Inclusive Urban Regeneration with Citizens and Stakeholders: From Living Labs to the URBiNAT CoP
URBiNAT researchers have co-authored the following paper published in Nature-Based Solutions for Sustainable Urban Planning. The paper presents a comprehensive overview of the Living Lab methodology employed by the URBiNAT project, emphasizing the inclusive practices that underpin its success. By actively involving citizens and stakeholders in every step of the regeneration process, these Living Labs have not only revitalized neighborhoods but also fostered a sense of ownership and belonging among community members. Through the lens of the URBiNAT project, the article sheds light on how Living Labs serve as fertile ground for experimentation, co-design, and knowledge exchange, nurturing sustainable urban development that aligns with the aspirations and needs of local communities.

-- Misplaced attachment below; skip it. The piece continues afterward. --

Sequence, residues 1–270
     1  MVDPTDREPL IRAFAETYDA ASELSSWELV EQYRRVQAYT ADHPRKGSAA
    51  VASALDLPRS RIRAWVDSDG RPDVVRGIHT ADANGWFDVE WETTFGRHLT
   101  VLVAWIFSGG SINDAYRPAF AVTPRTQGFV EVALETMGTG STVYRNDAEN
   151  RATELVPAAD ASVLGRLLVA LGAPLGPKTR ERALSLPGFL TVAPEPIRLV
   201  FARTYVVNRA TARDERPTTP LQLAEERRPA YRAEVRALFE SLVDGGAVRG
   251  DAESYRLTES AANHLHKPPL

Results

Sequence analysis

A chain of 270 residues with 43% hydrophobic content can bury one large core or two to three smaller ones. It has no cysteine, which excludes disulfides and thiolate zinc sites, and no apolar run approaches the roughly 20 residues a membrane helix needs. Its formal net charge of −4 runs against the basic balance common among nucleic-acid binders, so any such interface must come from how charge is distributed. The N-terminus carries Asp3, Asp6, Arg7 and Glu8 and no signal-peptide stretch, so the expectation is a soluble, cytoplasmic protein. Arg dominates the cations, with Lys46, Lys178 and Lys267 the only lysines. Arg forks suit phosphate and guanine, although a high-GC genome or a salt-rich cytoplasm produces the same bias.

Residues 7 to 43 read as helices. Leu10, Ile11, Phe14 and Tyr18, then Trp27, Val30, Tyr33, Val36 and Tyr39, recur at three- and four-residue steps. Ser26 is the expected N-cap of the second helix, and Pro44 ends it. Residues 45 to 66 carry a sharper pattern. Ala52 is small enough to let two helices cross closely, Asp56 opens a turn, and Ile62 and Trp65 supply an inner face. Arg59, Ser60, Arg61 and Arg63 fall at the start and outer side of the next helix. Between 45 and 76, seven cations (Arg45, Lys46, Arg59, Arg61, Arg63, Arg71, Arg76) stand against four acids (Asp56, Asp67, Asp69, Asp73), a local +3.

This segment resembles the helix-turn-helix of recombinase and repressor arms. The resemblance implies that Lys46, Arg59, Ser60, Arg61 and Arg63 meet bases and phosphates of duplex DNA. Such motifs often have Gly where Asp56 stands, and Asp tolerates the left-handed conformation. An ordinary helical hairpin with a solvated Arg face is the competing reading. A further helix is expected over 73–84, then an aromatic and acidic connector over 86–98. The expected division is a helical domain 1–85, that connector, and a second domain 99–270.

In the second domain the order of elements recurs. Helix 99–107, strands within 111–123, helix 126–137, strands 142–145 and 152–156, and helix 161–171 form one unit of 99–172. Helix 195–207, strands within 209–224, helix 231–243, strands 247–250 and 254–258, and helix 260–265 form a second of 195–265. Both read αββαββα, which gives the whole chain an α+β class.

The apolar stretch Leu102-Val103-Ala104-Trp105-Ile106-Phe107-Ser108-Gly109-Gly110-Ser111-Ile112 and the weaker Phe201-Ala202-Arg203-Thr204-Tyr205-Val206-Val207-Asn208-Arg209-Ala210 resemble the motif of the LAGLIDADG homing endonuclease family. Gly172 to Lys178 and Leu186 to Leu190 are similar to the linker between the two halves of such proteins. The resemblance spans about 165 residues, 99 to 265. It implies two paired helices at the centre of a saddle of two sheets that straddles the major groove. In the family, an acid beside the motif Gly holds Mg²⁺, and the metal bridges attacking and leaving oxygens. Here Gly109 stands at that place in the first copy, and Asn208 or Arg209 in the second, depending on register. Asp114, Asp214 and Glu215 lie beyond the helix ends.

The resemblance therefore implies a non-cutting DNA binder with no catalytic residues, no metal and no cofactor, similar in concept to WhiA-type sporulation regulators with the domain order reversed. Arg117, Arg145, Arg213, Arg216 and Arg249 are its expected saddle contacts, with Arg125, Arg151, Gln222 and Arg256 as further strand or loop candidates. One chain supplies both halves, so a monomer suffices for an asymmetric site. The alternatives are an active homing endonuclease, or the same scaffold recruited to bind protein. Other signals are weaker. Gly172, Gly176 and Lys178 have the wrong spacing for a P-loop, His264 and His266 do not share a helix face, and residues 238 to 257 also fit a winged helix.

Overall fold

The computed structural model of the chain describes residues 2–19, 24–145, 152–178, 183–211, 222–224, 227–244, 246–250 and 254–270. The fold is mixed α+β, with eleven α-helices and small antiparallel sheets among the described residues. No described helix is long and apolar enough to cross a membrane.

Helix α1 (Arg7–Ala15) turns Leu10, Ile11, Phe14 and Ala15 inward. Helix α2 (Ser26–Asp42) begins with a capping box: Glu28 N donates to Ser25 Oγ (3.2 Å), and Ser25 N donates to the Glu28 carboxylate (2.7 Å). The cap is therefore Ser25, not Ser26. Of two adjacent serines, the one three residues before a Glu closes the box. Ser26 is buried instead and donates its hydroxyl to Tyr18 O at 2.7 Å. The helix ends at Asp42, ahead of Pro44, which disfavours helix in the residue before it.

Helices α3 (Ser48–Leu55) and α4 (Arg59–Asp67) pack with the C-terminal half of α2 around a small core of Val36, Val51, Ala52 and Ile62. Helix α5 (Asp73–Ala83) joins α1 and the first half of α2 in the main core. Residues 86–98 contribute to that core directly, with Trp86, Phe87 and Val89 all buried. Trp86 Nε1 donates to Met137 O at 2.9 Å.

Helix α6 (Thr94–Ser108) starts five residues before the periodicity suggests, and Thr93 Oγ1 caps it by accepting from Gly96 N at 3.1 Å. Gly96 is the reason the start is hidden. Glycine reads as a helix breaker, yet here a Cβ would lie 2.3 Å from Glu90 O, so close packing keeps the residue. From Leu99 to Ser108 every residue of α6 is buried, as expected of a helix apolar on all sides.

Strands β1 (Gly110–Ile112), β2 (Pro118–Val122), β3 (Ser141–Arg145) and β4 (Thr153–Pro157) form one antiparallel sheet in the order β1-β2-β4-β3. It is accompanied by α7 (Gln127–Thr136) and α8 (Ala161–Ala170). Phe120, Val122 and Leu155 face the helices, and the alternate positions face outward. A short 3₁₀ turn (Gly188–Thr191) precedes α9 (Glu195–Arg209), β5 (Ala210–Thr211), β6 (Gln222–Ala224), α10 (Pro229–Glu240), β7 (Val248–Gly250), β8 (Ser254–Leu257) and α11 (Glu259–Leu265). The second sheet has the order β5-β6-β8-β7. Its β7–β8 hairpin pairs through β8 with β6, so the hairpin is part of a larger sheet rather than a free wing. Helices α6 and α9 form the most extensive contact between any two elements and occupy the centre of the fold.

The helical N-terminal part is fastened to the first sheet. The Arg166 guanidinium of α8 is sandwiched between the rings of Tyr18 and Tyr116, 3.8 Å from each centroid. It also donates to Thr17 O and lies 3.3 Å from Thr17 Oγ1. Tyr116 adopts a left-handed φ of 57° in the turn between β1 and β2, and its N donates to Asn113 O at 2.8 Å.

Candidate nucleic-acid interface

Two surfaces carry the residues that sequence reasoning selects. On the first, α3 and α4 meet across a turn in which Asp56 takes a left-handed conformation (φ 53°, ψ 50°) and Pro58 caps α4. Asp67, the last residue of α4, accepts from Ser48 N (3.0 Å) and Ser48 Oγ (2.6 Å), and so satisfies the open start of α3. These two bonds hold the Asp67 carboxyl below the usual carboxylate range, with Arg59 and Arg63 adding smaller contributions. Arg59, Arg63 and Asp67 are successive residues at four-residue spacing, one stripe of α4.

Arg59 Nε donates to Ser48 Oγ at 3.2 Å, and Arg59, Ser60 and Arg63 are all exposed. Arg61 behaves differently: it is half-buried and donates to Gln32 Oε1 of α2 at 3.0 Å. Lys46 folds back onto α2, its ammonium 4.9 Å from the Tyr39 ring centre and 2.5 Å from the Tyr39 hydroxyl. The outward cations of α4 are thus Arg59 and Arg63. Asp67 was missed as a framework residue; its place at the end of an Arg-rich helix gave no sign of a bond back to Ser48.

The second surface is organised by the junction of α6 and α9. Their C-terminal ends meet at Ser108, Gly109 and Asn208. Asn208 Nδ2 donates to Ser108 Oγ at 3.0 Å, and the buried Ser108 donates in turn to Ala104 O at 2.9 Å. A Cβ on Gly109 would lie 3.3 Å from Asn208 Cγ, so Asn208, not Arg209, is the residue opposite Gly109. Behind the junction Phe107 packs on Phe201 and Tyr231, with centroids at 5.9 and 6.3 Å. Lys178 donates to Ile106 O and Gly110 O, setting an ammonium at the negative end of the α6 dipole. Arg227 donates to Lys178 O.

ABSTRACT: In recent decades, many city authorities have been implementing strategies for the development of urban regeneration in their central areas. Most of these processes aim to improve the use of public space, and are often to be found in historic areas and waterfronts. The aim of this text is to put forward an alternative urban regeneration plan which focuses on the peripheral areas of cities, areas which were often built as neighbourhoods of social housing, and which now face environmental challenges as well as social and economic ones. To this end, the URBiNAT H2020 project is promoting inclusive urban regeneration that engages citizens and stakeholders in all the stages of the co-creation process. The overall objective is to implement a cluster of human-centred, nature-based solutions (NBS) in order to create Healthy Corridors that bring together both material and immaterial solutions that will impact the environment and the wellbeing of the community. The activation of Living Labs in the seven URBiNAT cities is building a Community of Practice so that knowledge can be shared with project partners, within the cities themselves, and with the public in the wider world. The intermediate results achieved in the pilot case studies validate the overall methodology and are helping us to identify lessons to be learnt and recommendations for the future.